This is the most difficult Rim-to-River trail. Depending on your choice of trailhead, this hike is about 14 miles long and experiences roughly 11,500 feet of elevation loss+gain. Just to spice it up, there is no reliable perennial water until reaching Nankoweap Creek, after over 10 fatiguing miles of hiking.
2. North Bass
Only the most experienced, determined, and physically fit hikers will finish this 13.5 mile hike in 1 day. This trail is very challenging and features many sections that are in poor condition. On the bright side, solitude and perennial water near the halfway point can ease the struggles of this difficult trek.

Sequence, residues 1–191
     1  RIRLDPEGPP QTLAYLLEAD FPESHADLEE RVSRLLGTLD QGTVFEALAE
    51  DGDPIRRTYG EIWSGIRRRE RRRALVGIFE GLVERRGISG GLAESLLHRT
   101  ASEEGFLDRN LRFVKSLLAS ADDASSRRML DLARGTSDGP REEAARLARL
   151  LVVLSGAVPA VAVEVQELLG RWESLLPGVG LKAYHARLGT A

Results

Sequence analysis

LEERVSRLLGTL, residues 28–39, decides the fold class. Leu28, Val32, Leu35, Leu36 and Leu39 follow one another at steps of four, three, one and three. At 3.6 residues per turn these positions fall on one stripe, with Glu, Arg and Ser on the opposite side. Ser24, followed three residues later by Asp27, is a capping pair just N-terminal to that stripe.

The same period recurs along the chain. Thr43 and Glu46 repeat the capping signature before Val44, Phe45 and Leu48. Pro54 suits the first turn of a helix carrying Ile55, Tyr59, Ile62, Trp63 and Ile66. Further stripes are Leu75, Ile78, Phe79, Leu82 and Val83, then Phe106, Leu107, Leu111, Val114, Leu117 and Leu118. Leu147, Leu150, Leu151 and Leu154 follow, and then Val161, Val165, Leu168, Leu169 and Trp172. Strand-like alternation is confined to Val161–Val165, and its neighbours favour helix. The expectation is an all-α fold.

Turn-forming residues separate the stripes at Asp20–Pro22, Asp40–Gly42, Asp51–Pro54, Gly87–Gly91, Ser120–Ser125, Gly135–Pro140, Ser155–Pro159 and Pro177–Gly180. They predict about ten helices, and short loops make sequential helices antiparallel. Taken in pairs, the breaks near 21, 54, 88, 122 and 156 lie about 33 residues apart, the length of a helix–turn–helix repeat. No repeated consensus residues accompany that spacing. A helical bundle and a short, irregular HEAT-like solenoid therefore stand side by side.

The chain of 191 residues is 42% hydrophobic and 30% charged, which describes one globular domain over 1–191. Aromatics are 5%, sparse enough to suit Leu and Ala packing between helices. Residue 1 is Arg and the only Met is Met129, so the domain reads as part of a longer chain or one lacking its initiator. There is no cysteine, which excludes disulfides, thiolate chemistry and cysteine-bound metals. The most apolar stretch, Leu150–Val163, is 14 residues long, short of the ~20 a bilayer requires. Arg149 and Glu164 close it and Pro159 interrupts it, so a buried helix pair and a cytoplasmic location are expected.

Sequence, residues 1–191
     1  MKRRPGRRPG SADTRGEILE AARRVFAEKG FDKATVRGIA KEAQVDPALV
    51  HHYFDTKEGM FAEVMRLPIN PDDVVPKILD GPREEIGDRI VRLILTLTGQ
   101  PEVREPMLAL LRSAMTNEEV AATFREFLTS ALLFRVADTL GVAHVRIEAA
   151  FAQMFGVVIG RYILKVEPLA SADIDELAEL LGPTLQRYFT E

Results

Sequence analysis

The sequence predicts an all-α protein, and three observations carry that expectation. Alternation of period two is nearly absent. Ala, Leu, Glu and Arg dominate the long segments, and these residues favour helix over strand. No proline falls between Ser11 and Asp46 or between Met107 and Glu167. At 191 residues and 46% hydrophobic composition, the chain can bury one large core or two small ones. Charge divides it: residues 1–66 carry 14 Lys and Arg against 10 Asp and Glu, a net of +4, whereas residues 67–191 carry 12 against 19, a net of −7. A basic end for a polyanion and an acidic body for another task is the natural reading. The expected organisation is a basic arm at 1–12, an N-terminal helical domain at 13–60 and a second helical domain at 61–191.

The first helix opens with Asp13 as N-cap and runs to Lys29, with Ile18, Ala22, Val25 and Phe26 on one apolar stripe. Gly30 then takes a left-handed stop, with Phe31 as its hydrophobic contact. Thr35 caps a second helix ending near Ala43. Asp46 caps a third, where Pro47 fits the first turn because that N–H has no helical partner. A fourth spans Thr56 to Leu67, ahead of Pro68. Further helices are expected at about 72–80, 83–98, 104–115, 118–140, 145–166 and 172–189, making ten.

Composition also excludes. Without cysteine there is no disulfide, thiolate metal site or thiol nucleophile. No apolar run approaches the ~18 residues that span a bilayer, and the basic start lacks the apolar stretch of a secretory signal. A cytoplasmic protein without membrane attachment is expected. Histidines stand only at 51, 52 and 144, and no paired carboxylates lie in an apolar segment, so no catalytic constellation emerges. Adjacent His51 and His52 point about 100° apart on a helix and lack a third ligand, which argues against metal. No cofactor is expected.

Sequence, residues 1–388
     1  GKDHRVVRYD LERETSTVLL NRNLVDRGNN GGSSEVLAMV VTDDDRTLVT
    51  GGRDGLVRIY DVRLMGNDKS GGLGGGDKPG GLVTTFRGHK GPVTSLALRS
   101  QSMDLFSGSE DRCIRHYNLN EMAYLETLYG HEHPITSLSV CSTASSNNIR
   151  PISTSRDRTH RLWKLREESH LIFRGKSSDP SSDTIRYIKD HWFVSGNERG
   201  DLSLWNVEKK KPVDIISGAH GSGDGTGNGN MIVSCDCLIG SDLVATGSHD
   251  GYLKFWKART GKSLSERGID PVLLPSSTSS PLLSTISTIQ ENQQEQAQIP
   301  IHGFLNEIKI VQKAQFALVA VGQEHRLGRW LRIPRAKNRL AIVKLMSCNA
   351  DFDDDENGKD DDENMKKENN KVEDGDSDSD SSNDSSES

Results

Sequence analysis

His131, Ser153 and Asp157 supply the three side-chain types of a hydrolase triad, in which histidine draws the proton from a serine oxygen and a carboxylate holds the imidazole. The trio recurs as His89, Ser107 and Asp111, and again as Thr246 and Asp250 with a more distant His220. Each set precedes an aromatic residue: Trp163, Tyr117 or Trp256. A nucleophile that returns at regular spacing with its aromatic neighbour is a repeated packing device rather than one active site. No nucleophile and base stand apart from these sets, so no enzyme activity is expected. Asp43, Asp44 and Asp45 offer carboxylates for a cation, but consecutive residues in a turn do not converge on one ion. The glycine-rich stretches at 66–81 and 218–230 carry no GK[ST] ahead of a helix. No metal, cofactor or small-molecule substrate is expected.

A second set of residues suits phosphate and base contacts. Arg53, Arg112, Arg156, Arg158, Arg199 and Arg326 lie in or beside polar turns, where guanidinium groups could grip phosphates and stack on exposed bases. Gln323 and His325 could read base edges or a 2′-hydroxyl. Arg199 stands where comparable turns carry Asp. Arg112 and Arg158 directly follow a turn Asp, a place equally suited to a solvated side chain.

3. Thunder River
The distance from this remote North Rim trailhead to the Colorado River is 14 miles. The Esplanade traverse is the only longer portion of this trail that isn’t strenuous. When departing from the Bill Hall Trailhead, this hike can be shortened by about 3 miles.
This trailhead is technically located beneath the Rim in Hermit Basin. The lack of consistent switchbacks through the Supai and Redwall layers make this trail painfully steep.
What makes this 9 mile trail difficult is the complete lack of water, unless you’re lucky enough to be hiking during or right after a storm. The section between the Rim and 75-Mile Saddle is steep, and the
stretch from atop the Redwall to the Colorado River is vastly bereft of shade.